How to Trade with Bollinger Bands®

How to Trade with Bollinger Bands®

A technical analysis tool used by professional traders globally, Bollinger Bands are a potent indicator for identifying favorable trading conditions. Originally developed by John Bollinger in the early 1980s, this trading tool can provide significant opportunities to active traders if utilized correctly with quantified strategies and a systematic methodology.

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Bollinger Bands identify the price of a trading vehicle in relation to its previous trading history, with two standard deviation bands above and below a simple moving average providing a relative high and low in price. While the period length can be tailored to fit your personal strategy, standard Bollinger Bands are composed of a set moving average with predetermined standard deviation lines above and below the MA. Together, these bands paint a picture of the security’s high and low pricing points and can be incredibly valuable in forming predictions for future short-term movement within those plotted lines.

As the standard deviation bands widen and contract in relation to the moving average, signals for advantageous market movements can be identified and acted upon. Narrowing Bollinger Bands usually forecast the start of new trending movement, and are generally indicative of lower volatility in the vehicle. Likewise when the bands are spread very wide from each other, volatility can be considered at a high point in relation to its average.

On 8/8/11, Walter Investment Management Corporation (WAC) displayed a Bollinger Bands long entry signal at 20.46, and traders who took advantage of this indication could have exited the next day on 8/9/11 at 22.98 for a 12.31% gain.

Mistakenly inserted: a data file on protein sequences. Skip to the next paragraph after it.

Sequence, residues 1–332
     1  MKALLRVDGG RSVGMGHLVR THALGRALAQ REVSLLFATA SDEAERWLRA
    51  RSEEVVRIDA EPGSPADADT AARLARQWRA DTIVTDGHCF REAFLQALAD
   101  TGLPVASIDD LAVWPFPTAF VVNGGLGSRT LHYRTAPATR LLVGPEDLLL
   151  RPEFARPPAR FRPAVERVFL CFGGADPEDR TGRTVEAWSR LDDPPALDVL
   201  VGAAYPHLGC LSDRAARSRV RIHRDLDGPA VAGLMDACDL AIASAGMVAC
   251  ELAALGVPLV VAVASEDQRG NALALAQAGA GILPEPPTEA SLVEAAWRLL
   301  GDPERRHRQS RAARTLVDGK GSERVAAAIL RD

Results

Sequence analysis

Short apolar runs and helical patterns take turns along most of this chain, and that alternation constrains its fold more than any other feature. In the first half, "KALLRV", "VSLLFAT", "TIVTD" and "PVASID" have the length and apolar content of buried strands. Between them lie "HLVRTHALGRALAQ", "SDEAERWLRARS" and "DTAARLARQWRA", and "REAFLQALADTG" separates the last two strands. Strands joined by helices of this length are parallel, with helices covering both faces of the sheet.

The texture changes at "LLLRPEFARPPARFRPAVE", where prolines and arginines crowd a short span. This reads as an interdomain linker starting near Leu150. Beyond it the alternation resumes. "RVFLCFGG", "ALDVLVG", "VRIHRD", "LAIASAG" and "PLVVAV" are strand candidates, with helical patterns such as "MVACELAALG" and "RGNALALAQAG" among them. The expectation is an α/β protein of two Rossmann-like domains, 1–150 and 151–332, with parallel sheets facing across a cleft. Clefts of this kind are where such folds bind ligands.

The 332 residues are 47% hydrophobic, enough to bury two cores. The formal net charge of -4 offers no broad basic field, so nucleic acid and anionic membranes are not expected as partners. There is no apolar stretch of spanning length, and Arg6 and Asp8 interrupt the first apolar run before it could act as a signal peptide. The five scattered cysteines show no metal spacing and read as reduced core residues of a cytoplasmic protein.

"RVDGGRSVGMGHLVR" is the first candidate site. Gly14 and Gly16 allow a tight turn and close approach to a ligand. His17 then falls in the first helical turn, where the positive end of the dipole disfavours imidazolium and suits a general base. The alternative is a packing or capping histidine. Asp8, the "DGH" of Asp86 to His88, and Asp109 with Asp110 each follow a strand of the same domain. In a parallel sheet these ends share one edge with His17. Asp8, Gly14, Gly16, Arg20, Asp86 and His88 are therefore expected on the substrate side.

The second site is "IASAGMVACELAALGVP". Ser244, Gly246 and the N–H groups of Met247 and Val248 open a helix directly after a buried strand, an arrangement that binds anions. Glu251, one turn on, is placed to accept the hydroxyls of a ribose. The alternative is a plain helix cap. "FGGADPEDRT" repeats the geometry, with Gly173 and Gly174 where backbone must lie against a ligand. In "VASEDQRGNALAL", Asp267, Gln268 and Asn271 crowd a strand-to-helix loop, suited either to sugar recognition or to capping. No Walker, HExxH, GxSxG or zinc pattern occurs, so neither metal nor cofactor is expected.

Bollinger 1

Similarly on 8/8/11, the Bollinger Bands showed oversold conditions for Sociedad Quimica Chile (SQM), and with an entry level of 51.48 traders could have locked in on an 11.15% gain at the exit signal the following day on 8/9/11 at 57.23.

Bollinger 2

This measurement of volatility as the Bollinger Bands tighten and spread provides a direct indicator of whether a vehicle is overbought or oversold. As the price edges closer to the bottom band, the security can be considered more and more oversold. When the price nears the top band, the signs point to overbought territory. This valuable indicator can be useful for providing confirmation for a trade, but by no means is a stand-alone indicator of entry or exit levels.

Instead traders can take advantage of the signals of the start or end points of a substantial trend. As volatility skyrockets and the Bollinger Bands become extremely expanded, the two high and low bands can even move in opposition to the trend. When they start to contract again, it’s a clear sign that the current trend is coming to a close and an upcoming reversion can likely be expected.

As an indicator for short-term movement in a security, Bollinger Bands highlight serious opportunities for traders as pricing dips or rises above the standard deviation bands and extreme oversold or overbought conditions are reached. Options traders can equally capitalize on this indicator as well, as they buy or sell with the expectation of reversion back towards average implied volatility points.

In conjunction with a quantified, statistically-backed strategy, Bollinger Bands can provide accurate and consistent signals for successfully trading the markets.

If you’d like to learn more about trading with Bollinger Bands, click here to see how you can start utilizing them in your trading immediately with the new comprehensive trading guidebook: Trading with Bollinger Bands – A Quantified Guide.

Larry Connors is CEO of Connors Research

Cesar Alvarez is Director of Research of Connors Research

Joshua Glasgall is Senior Editor of Connors Research